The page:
drowsiness excessive, with difficulty waking up in the morning, lack of energy and pleasure in carrying out any activity, depressive episodes, sometimes anxiety (especially in the summer version). The desire to sleep is also associated with the desire to eat more, especially carbohydrates. The most widespread seasonal disorder is in the Nordic countries, where in the cold months the part of the day that is illuminated is significantly reduced.
Recognize the symptoms
Seasonal depression has different symptoms than classic depression, which often causes, on the contrary, insomnia and poor appetite. Seasonal depression has long been considered a mild form of depression, whereas it is a real pathology. In some cases the two disorders are associated, with seasonal worsening of symptoms. Those who suffer from seasonal disorder are perfectly healthy for part of the year, drowsy and depressed when the season arrives. The criteria to define this type of disorder and differentiate it from major depression (without seasonal characteristics) I am:
1) relationship between major depressive episodes and particular moments of the year;
2) complete remission at other times of the year;
3) in the last two years at least two depressive episodes show a temporally similar trend: that is, it is not a single episode but a repeating cycle;
4) seasonal episodes exceed non-seasonal episodes: the subject may present other depressive episodes, but seasonal ones are clearly prevalent.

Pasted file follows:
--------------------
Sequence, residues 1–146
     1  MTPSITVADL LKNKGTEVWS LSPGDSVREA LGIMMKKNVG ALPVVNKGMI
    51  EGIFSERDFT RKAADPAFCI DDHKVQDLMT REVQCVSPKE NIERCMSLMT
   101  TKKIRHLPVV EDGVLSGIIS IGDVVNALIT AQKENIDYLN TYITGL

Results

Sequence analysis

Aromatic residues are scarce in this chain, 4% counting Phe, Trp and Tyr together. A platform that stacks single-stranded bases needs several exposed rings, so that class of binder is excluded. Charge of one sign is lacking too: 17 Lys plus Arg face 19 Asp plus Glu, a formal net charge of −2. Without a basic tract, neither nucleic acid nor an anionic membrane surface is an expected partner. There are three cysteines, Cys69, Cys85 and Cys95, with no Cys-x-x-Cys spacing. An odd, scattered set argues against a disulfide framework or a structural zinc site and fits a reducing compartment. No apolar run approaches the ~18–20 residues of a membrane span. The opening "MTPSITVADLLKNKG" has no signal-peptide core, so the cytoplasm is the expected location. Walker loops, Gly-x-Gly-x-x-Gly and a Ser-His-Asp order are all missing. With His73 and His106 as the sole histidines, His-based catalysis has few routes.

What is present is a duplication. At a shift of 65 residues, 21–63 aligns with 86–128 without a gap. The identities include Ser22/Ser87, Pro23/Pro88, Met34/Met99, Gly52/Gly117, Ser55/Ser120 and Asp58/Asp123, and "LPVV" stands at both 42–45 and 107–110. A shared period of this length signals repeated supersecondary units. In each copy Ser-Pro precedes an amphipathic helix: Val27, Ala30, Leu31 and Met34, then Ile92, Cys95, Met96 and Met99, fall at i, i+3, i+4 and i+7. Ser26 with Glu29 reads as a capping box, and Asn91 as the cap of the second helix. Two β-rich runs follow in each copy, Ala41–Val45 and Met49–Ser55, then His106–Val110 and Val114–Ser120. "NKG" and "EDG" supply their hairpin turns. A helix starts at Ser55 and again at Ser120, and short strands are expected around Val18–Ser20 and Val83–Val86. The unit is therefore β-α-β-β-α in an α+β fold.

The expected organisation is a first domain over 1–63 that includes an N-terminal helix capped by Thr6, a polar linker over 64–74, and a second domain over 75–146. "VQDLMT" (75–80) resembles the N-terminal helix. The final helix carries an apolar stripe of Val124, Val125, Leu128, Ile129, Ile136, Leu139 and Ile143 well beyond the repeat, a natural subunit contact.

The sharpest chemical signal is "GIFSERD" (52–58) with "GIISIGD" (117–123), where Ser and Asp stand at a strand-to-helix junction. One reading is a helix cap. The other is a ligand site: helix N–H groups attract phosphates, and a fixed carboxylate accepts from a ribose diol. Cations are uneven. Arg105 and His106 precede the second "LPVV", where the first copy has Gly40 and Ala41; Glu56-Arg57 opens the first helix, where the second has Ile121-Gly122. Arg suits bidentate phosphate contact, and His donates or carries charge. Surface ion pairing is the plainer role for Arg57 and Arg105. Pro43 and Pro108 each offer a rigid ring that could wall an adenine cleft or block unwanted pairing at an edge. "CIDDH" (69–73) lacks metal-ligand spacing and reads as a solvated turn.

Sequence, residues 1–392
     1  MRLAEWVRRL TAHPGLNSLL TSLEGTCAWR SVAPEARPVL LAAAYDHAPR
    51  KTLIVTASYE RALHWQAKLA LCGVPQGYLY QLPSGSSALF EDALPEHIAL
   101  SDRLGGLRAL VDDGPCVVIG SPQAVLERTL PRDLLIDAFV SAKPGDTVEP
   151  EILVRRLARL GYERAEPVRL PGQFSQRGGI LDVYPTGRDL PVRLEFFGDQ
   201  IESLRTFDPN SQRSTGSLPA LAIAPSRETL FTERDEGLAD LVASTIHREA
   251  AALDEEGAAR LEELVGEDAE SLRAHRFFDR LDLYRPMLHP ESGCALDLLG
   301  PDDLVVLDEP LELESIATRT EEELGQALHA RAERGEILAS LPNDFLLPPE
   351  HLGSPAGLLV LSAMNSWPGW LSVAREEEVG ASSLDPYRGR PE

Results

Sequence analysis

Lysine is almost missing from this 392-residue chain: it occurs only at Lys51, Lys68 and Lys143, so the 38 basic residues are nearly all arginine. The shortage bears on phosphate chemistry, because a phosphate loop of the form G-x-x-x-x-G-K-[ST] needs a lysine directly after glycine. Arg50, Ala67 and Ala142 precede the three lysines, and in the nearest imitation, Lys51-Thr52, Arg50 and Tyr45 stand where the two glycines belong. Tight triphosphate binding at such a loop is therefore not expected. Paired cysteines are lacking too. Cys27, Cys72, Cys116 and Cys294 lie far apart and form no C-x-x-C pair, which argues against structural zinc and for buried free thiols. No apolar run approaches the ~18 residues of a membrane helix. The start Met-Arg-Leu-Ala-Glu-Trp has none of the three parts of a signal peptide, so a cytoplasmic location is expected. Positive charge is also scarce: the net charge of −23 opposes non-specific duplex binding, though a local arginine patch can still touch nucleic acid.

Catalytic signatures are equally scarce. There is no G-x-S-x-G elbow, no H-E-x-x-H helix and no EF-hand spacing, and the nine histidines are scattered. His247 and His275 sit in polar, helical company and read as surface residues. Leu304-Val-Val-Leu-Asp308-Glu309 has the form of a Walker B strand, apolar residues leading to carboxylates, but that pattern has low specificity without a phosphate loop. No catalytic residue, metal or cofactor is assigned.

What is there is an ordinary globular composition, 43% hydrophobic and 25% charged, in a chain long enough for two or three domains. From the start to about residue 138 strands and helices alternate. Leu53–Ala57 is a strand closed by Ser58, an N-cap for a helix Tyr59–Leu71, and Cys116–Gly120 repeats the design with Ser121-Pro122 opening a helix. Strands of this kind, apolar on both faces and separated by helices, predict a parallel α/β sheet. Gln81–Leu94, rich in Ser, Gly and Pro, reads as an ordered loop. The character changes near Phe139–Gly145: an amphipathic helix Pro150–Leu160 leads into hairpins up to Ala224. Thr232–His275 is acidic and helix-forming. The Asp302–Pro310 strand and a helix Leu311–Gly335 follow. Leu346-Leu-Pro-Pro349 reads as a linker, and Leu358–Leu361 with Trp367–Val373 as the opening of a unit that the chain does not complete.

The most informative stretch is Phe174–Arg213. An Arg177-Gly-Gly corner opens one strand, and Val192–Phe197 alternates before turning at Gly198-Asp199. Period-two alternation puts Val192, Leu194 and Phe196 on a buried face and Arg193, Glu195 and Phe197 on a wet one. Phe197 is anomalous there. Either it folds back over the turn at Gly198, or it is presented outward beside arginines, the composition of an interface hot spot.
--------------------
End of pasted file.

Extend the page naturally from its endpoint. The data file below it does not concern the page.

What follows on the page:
The role of neurotransmitters
At a biological level, various brain areas and neurotransmitters are involved in the disorder, in particular those responsible for motivation, vital energy and circadian rhythm. Two neurotransmitters, the dopamine and the norepinephrineare implicated in how we wake up in the morning and how we activate the brain. Also another hormone, la melatonin – which controls the sleep-wake rhythm – could have a role in SAD: it has been hypothesized that the physiological regulation of the sleep/wake rhythm could be delayed in patients, i.e. the release of melatonin would occur at the wrong times of the day. Finally, the disease appears to be involved in the genesis of the disorder serotonin, neurotransmitter that contributes to the modulation of mood and anxiety. Several studies suggest that alterations in serotonin transmission could be directly linked to light.
How is seasonal depression treated? The so-called light therapy, which is carried out through a particular lamp (a medical device) capable of activating the neurotransmitters we talked about. There light therapy effective in patients with mild or moderate forms and with the classic symptoms of excessive drowsiness and carbohydrate hunger. In more serious cases, light therapy must be combined with antidepressant drugs. They have proven equally useful cognitive behavioral therapies.
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January 15, 2024 (modified January 15, 2024 | 08:11)